Image illustrating man with cardiovascular disease
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Women and men share most of the same risk factors for cardiovascular disease (CVD), a large international study has found. This was the first such study to include people from low- and middle-income countries where the burden of CVD is the greatest. Women had a lower risk of CVD than men. Also, diet was more strongly associated with CVD risk in woman than men.

“Women and men have similar CVD risk factors, which emphasizes the importance of a similar strategy for the prevention of CVD in men and women,” said the paper’s first author, Marjan Walli-Attaei, a research fellow at the Population Health Research Institute (PHRI) of McMaster University and Hamilton Health Sciences (HHS).

The study was published this week in The Lancet.

According to the U.S. CDC, heart disease is the leading cause of death for men, women, and people of most racial and ethnic groups in the US. About 697,000 people in the United States died from heart disease in 2020, comprising one in every five deaths in this country.

The global Prospective Urban Rural Epidemiological (PURE) study assessed risk factors, including metabolic (such as high blood pressure, obesity and diabetes), behavioral (smoking and diet), and psychosocial (economic status and depression) in about 156,000 people without a history of CVD between the ages of 35 and 70.

From 21 low, middle, and high-income countries on five continents, the subjects were followed for an average of 10 years. The primary outcome was a composite of major cardiovascular—cardiovascular disease deaths, myocardial infarction, stroke, and heart failure.

As of data cutoff (Sept 13, 2021), 4280 major cardiovascular disease events had occurred in women (age-standardized incidence rate of 5·0) and 4911 in men (8·2 per 1000 person-years).

Overall, women had a lower risk of developing CVD than men, especially at younger ages.

High levels of bad (LDL) cholesterol and symptoms of depression were more strongly associated with CVD risk in men than in women. Meanwhile, diet was more strongly associated with the risk of cardiovascular disease in women than in men.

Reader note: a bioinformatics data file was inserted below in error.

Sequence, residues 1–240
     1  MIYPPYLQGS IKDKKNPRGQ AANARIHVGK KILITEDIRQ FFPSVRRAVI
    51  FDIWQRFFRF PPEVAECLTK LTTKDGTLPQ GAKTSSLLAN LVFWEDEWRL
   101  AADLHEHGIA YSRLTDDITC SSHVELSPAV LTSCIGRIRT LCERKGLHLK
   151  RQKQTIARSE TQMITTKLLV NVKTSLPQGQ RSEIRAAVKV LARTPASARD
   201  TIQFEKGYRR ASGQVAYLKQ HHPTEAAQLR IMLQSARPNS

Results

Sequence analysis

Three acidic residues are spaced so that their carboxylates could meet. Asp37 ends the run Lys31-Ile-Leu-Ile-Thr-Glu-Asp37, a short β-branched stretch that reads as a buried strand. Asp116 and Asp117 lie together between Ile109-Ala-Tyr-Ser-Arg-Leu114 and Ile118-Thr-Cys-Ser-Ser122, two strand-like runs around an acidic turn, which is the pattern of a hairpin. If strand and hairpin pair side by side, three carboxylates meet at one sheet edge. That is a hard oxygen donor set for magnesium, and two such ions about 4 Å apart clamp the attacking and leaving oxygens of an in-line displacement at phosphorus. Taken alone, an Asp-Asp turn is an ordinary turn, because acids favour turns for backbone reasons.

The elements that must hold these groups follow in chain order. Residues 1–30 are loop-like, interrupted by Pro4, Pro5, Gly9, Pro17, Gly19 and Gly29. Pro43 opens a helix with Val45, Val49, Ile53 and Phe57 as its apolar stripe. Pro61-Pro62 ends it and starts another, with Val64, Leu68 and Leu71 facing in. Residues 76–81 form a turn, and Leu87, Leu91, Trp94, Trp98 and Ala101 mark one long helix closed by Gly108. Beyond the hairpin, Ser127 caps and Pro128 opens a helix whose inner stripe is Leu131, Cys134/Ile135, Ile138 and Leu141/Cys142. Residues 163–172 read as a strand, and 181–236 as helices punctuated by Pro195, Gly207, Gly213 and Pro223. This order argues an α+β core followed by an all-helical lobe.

The patterns of the team’s findings were generally similar in countries with all levels of income.

The fact that diet was more strongly associated with CVD risk in woman than men is, “Something that’s not been previous described, and which requires independent confirmation,” said Salim Yusuf, lead investigator of the study, senior author of the paper, executive director of PHRI, professor of medicine at McMaster University, and cardiologist at HHS.

More widespread screening for familial hypercholesterolemia (FH) has been suggested as a means to identify people at higher risk of heart disease.

FH is a relatively common genetic condition impacting 1 in 250 people in the U.S. that results in abnormally high levels of low-density lipoprotein (LDL) cholesterol, which can cause atherosclerosis and other forms of heart disease in those affected.

While testing for cholesterol levels and other cardiovascular risk factors is recommended every 4-6 years in the U.S., FH screening is not standard and genetic testing for this condition is not always covered by health insurance policies.

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